LANCASTER, Pa. -- Wearable activity trackers are essential for many people at the gym, but it seems now that Fitbit, Jawbone and others could be just as important in the courtroom, given precedents set in a 2015 Lancaster case that debunked a plaintiff's story, as well as other cases elsewhere.

Karla Grossenbacher
Karla Grossenbacher

These fitness devices give wearers instant information, including their heart rate, calories burned, steps taken and sleep patterns. People use this information to assess their health as well as activity levels. Now, the data may also be used to provide evidence in workplace cases, such as an employee’s disability discrimination claim, workers’ compensation request or on-the-job harassment.

“Wearable device data is just starting to make its way into courts, and we are just at the beginning of seeing how helpful and/or reliable it can be as evidence,” attorney Karla Grossenbacher told The Pennsylvania Record. Grossenbacher, an attorney with Seyfarth Shaw’s Washington, D.C., office, specializes in labor and employment law.

Data from wearable fitness devices has already been used as evidence in personal injury and criminal cases.

In a 2015 case from Pennsylvania, Lancaster police used data from the wearable fitness device Fitbit in a criminal case against a woman charged with making a false report that led to a manhunt. The woman told police a man broke into a home she was sleeping in and then sexually assaulted her. However, her Fitbit showed she was awake and walking around at that time. Charges were filed against the woman.

Thus far, though, wearable device data has not been used frequently in workplace litigation, Grossenbacher said, but data of heart rates, activity levels and sleep patterns could help assess someone’s physical and mental states. Employers may be able to rely on the data to determine whether in fact an employee’s daily activities, like walking or sleeping, have been adversely affected.

A personal trainer in Calgary, Canada, used her device data in 2014 as evidence of her injuries. Her Fitbit showed her activity levels were lower than someone of her age and profession would have.

Claims of emotional distress also can be supported by evidence from wearable fitness devices. Data showing an increased heart rate at the time of an alleged incident could support a plaintiff’s harassment claim, while sleep loss could be evidence of anxiety from an incident.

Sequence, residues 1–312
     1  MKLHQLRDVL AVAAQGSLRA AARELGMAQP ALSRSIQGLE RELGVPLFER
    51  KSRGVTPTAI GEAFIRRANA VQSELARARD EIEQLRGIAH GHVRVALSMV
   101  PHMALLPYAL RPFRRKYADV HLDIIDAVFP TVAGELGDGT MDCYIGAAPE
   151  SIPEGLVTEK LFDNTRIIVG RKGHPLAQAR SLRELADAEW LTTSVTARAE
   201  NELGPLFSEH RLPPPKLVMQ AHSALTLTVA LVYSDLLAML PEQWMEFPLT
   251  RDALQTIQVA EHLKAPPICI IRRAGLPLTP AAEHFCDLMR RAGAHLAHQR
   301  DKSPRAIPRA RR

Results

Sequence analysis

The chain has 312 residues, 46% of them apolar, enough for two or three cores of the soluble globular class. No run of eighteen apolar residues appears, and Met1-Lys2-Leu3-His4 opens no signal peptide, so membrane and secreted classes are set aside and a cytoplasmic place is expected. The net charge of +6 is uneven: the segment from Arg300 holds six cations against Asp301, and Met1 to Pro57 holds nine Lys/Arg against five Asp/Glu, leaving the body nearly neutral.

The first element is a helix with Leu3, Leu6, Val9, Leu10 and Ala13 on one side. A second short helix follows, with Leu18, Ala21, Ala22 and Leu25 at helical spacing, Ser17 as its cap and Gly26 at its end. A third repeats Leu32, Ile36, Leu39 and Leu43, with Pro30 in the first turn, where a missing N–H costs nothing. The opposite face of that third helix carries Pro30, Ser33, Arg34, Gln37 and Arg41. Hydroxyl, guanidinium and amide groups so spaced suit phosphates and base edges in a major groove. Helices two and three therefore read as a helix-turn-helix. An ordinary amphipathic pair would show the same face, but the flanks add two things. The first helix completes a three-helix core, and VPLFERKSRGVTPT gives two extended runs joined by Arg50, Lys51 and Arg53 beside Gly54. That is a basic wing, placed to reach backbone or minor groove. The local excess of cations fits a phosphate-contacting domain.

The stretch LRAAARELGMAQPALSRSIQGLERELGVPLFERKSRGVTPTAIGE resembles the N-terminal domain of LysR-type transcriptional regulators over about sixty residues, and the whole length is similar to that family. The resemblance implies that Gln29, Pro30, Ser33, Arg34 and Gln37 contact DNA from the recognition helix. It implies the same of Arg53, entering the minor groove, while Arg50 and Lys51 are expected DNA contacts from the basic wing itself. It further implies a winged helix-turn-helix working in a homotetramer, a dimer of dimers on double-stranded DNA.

For employers, the data can be used to establish a lack of credibility against a plaintiff. For employees, data from their wearable devices can provide necessary support to their claims, so they should not stop wearing the devices if they plan to take legal action against their employer.

“Wearable device data only undermines an employee's case if the disability claim is unfounded,” Grossenbacher said.

Wearable devices do have drawbacks, including reliability issues. Data can be affected by having another person wear the device, a user forgetting to wear the device or the device having a dead battery.

Still, Grossenbacher believes data from the wearable device should be admitted as evidence. She points to witnesses with faulty memories or personal biases, as well as field experts reaching different conclusions as examples of evidence that is still permitted.

Data from wearable fitness devices can be obtained from the wearer or the device manufacturer. While the Health Insurance Portability and Accountability Act (HIPAA) protects certain medical information as private, it doesn’t protect the information stored on wearable fitness devices. As such, many of the device manufacturers’ policies state that the data may be released in litigation. An individual’s consent should be obtained to admit the data in litigation.

In the Lancaster, case, police said they had the alleged assault victim’s consent to use the wearable device data.

“Getting consent from the wearer is critical to the privacy issues presented by an employer's use of wearable device data in litigation,” Grossenbacher said. “Another important hurdle is demonstrating the legitimate reason for which the data needs to be accessed in the litigation and being able to represent that the employer will be accessing the data in a way that is narrowly tailored to that reason.”

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